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Re: Question about the highly optimized aspects of libc implementation

Mr. O' Donell and Poyarekar,

Forgive the top-posting but I just wanted to quickly thank both of
your for your answers! This is exactly the type of information that I
was hoping to gather. Thank you again!


On Thu, Nov 30, 2017 at 1:56 AM, Carlos O'Donell <> wrote:
> On 11/29/2017 10:47 PM, Will Hawkins wrote:
>> I've been digging through the glibc implementation and looking for
>> examples of where compiler directives or hand-written assembly have
>> been used to improve performance at the "expense" of standards or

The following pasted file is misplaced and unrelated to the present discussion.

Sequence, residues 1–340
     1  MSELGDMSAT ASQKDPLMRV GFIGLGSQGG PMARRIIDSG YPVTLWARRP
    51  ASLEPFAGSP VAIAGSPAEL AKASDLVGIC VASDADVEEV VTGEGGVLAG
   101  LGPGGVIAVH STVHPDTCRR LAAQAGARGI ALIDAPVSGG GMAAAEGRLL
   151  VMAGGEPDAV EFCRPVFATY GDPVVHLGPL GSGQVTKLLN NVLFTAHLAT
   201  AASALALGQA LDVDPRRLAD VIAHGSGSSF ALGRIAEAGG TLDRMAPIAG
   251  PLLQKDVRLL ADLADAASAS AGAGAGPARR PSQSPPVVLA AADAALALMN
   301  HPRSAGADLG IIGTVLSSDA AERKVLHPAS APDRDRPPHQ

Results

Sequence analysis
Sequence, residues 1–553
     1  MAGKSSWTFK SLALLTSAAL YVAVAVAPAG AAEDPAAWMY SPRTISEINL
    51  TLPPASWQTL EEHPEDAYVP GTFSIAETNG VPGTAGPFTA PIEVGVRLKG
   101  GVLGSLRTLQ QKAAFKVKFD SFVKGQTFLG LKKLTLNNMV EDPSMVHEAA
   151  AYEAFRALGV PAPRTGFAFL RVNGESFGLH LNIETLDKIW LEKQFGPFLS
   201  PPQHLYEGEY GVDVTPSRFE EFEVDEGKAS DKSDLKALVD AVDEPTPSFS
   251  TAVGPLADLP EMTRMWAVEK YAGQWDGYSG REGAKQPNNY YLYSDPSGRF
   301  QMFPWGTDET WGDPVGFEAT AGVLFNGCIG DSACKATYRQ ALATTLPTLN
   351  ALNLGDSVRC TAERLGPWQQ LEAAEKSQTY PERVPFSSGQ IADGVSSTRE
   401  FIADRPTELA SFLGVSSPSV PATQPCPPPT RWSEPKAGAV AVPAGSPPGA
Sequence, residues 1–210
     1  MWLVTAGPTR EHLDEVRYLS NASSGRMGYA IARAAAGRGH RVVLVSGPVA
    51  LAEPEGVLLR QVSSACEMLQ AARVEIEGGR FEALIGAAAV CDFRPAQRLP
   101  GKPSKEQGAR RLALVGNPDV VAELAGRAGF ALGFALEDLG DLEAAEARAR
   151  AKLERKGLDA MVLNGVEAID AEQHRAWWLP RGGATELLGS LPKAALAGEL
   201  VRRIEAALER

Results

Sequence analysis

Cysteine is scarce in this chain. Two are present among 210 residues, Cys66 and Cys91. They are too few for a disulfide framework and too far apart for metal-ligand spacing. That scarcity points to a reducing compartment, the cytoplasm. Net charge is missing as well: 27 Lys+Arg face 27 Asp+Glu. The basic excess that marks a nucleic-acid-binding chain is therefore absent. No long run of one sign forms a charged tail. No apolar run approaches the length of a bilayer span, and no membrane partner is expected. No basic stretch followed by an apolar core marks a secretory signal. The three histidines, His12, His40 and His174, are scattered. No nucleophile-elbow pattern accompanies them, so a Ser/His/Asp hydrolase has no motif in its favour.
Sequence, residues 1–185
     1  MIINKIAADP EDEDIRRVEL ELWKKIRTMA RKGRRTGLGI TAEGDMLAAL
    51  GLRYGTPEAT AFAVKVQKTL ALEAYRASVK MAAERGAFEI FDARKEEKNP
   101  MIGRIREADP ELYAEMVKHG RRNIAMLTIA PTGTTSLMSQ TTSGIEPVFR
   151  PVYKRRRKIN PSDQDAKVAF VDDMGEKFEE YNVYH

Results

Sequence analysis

>> conventions.
> Let me address the "standards" side of this...
> No such thing exists and has a public interface that conforming programs
> can call. Such things may exist internal to glibc, but then we have
> control over the API/ABI and can do what we want.
> We have some functions which have standards for them, but for which
> we don't follow the standard because Linux did it one way and
> that's the only supportable way e.g. group scheduling etc.
> Let me address the "conventions" side of this...
> The entire math library has "cheats" which would be assembly implementations
> that have lower accuracy bounds. We have generally tended to remove these
> since we want a certain uniform level of accuracy for all the math functions
> where possible. One example was the removal of x86 sincos hardware support
> for the generic sin/cos support because the x86 hardware version is not
> accurate enough (poor range reduction).
> Does that answer your question?
> --
> Cheers,
> Carlos.

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